The student-led movement to end mass atrocities.

Stay current with our conflict zones: Education Updates


About Education Updates

STAND publishes weekly news updates compiling the most important weekly developments related to emerging and ongoing mass atrocities in each of our five conflict zones. These reports are produced by STAND’s Education Task Force, comprised of college and high school students who specialize in a particular conflict zone, and are passionate about STAND’s role in the genocide prevention movement. 


Get to know the 2015-2016 Task Force

Lindah Mogeni serves as STAND’s Great Lakes Conflict Coordinator, and is a senior at Barnard College studying Political Science. Lindah comes to STAND with extensive human rights advocacy and research experience, and spent three months in 2014 as a Fieldwork Research Intern with the United Nations Stabilization Mission (MONUSCO) in the Democratic Republic of the Congo.

Maddie King serves as STAND’s Middle East and North Africa Conflict Coordinator, and is a junior at Johns Hopkins University, where she is pursuing majors in International Studies and Global Environmental Change and Sustainability and a minor in Islamic Studies. She is passionate about addressing issues of refugee resettlement, particularly as they relate to the roots of displacement.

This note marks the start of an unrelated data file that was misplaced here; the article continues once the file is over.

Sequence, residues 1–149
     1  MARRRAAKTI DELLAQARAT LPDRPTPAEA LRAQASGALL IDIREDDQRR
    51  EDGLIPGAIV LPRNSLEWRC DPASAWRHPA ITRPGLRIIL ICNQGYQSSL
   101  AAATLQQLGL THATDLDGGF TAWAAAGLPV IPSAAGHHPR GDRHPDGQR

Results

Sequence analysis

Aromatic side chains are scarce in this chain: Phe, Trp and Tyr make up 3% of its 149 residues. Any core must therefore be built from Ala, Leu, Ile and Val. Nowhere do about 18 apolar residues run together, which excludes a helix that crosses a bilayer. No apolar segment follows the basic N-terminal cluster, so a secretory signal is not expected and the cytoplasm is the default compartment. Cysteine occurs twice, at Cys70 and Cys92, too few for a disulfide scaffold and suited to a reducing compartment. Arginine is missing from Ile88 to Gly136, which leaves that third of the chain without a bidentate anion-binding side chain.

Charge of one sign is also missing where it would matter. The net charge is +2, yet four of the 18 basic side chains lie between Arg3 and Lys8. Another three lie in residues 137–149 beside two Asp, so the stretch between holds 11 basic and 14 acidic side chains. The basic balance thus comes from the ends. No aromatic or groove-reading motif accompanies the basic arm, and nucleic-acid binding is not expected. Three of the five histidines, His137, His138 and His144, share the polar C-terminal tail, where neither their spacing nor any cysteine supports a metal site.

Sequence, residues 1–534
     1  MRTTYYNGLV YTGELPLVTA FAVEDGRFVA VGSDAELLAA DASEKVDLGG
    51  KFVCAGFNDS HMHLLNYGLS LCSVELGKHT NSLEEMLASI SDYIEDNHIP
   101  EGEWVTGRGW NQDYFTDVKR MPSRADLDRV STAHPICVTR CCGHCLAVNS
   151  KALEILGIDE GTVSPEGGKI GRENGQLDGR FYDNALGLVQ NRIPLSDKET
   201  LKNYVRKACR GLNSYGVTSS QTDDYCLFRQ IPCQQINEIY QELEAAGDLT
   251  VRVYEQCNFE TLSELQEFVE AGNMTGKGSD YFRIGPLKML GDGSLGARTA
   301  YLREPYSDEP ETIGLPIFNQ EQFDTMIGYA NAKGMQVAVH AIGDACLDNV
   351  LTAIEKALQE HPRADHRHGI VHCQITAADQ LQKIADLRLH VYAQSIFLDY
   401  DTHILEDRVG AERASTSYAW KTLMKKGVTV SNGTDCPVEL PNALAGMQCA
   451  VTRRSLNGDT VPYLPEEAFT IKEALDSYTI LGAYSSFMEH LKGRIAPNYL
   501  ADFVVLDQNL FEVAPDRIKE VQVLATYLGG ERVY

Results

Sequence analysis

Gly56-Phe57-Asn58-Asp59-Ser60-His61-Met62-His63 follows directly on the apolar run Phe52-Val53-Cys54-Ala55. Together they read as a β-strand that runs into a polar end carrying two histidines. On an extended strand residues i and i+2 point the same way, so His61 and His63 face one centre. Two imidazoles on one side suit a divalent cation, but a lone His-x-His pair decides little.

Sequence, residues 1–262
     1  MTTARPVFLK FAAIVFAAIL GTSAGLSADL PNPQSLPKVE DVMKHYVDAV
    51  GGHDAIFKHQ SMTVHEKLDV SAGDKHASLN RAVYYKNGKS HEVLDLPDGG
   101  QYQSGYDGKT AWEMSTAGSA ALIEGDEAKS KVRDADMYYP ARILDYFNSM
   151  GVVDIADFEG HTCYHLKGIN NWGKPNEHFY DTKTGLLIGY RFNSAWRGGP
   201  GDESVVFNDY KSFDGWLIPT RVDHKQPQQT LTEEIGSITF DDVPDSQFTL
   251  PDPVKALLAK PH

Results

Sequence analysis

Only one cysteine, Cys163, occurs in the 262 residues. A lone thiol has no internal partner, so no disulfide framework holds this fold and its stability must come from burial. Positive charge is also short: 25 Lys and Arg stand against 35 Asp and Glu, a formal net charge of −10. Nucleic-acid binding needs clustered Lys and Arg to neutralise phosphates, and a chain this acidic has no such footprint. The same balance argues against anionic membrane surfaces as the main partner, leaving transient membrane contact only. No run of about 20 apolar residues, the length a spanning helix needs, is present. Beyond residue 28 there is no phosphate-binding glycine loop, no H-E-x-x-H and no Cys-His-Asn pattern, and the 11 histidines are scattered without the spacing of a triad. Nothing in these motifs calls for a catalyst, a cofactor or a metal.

Sophie Back serves as STAND’s Southeast Asia Conflict Coordinator, and is a third year student at University College London pursuing a degree in History and Political Science. An outspoken advocate for Amnesty International on campus, Sophie comes to STAND after spending the summer in Vietnam, where she led a team that organized workshops to prepare students for the implementation of the ASEAN Economic Community free trade area.

Jason Qu serves as STAND’s Sudan and South Sudan Conflict Coordinator, and is a junior at the Bronx High School of Science. He is also Vice President of the Amnesty International chapter at his school, and is extensively involved in Model United Nations and the Muslim Student Association at Bronx Science.


Education Update 10/09/15

Great Lakes of Africa

Lindah Mogeni

The President of the Civil Society of Beni, Teddy Kataliko announced that in the past year, an estimated 500 civilians have been massacred by axes, hammers, and machetes in the Beni territory of North Kivu province. Speaking on behalf of local civil society groups, Kataliko suggested that the murders should signal a wake-up call, and implored the government and the UN Stabilization Mission (MONUSCO) to improve and ensure civilian protection in Beni.

Local civilians in the southwest of Lubero territory, North Kivu, have raised concerns regarding the two week continuous presence of activist armed groups comprised of the NDC Sheka militia and the Lafontaine militia. Sources indicate that the groups have occupied several villages and that their sporadic actions, including kidnapping and looting, resulted in the displacement of residents.